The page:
Sunday, October 12, 2014


A (Christian-a rarity in my company) coworker recommended the recent film God’s Not Dead to me, because, in his words, “the main character argues like you do.”

The main story line in the film involves Josh, a student in a college philosophy class who refuses to do so when instructed by the professor to sign a statement declaring “God is dead.” 

The professor gives Josh twenty minutes in each of the next three classes to make his case that God is not dead.

I watched the clip on the IMDB page and got what my coworker meant. 

I loved the scene, and in fact, have lived the scene many times (I’ll explain later).

I read reviews of the film, but few seemed to be very objective. 

The atheist reviewers generally trashed it, and to Christian reviewers it was generally the best film ever made.

Having watched the film, I will say that it was nowhere as good as I hoped, although the three scenes that involve Josh making his case for the class are quite good.

However, after watching those scenes, I disagree with my coworker.

I’d credit Josh for making far more thought out and researched arguments than I ever do.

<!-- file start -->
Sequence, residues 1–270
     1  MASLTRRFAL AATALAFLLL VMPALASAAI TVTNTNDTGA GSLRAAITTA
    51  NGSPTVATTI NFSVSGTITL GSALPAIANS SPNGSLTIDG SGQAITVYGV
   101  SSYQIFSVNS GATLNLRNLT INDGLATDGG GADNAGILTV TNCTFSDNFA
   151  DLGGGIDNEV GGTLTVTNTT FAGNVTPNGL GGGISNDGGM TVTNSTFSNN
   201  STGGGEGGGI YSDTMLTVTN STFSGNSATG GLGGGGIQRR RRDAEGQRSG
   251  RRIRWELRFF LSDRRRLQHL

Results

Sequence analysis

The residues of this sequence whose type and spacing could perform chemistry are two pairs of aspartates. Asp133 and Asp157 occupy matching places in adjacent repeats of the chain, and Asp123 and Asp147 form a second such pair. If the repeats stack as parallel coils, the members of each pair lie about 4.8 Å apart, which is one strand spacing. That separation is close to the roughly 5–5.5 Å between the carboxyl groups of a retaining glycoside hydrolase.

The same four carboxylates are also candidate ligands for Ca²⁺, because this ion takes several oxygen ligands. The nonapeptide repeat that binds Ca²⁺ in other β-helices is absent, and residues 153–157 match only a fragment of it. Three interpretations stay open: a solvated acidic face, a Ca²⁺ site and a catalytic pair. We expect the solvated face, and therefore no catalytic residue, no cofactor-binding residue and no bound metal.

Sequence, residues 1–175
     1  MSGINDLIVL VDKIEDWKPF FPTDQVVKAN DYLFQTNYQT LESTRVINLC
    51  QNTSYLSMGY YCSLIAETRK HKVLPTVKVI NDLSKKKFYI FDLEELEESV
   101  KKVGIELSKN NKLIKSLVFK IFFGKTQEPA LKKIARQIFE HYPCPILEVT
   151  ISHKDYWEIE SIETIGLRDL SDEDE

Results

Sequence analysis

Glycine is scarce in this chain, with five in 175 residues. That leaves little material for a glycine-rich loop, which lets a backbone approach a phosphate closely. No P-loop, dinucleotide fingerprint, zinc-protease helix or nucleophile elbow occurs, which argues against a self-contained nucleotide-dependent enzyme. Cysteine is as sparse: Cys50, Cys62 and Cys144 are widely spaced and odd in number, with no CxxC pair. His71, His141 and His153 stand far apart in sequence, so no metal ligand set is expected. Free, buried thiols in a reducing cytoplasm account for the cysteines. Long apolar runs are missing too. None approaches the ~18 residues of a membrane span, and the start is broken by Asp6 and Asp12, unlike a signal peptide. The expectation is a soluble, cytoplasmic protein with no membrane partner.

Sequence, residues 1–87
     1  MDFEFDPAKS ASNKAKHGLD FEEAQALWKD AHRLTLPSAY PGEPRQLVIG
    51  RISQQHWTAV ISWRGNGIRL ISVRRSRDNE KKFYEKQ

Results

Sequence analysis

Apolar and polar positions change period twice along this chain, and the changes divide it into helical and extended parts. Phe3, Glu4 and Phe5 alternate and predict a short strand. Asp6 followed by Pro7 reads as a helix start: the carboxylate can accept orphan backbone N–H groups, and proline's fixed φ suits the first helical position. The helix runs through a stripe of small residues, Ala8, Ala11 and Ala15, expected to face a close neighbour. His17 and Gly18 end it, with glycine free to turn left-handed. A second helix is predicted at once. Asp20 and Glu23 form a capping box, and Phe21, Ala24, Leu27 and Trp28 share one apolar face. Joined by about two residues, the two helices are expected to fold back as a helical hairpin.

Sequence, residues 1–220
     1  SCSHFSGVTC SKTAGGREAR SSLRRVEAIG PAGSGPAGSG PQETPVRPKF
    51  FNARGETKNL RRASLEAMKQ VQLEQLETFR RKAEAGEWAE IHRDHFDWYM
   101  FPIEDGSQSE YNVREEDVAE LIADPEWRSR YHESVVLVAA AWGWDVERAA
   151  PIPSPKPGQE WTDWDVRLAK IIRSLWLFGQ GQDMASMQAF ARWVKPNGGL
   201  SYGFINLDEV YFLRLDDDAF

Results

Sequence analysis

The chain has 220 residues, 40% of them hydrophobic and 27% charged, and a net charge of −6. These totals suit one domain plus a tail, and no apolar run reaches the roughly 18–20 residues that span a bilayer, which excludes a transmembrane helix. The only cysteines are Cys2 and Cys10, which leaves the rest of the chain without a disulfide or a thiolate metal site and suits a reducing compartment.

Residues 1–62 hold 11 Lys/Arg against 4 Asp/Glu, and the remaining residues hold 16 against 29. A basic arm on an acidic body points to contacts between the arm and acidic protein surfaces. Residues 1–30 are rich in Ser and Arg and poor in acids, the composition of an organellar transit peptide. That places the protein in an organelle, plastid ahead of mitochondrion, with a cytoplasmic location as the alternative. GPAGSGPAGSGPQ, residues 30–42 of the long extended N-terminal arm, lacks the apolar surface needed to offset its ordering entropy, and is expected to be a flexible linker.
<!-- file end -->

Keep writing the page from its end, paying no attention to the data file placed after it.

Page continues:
I argue like “My Cousin Vinny.” 

Remember this scene?

My buddies and I used to have senseless arguments like this one all the time. 

Mind you, my buddies were not as cute as Marisa Tomei and the arguments never ended with us kissing (usually one would tell the other to "fuck off"), but we'd pick a point and defend it senselessly until the other one gave up. The louder the better.

Back in those days, the goal was to win the argument at all costs, logic be damned.

As an adult, I try to maintain logic (although sometimes I do revert to my younger self). 

I go with the facts I remember and rely on my wits (well, half of them, anyway). 

I am forthcoming when I do not have facts, but I engage in the debate more to pull information out of my opponent rather than trying to “win” anything or change my opponent’s mind.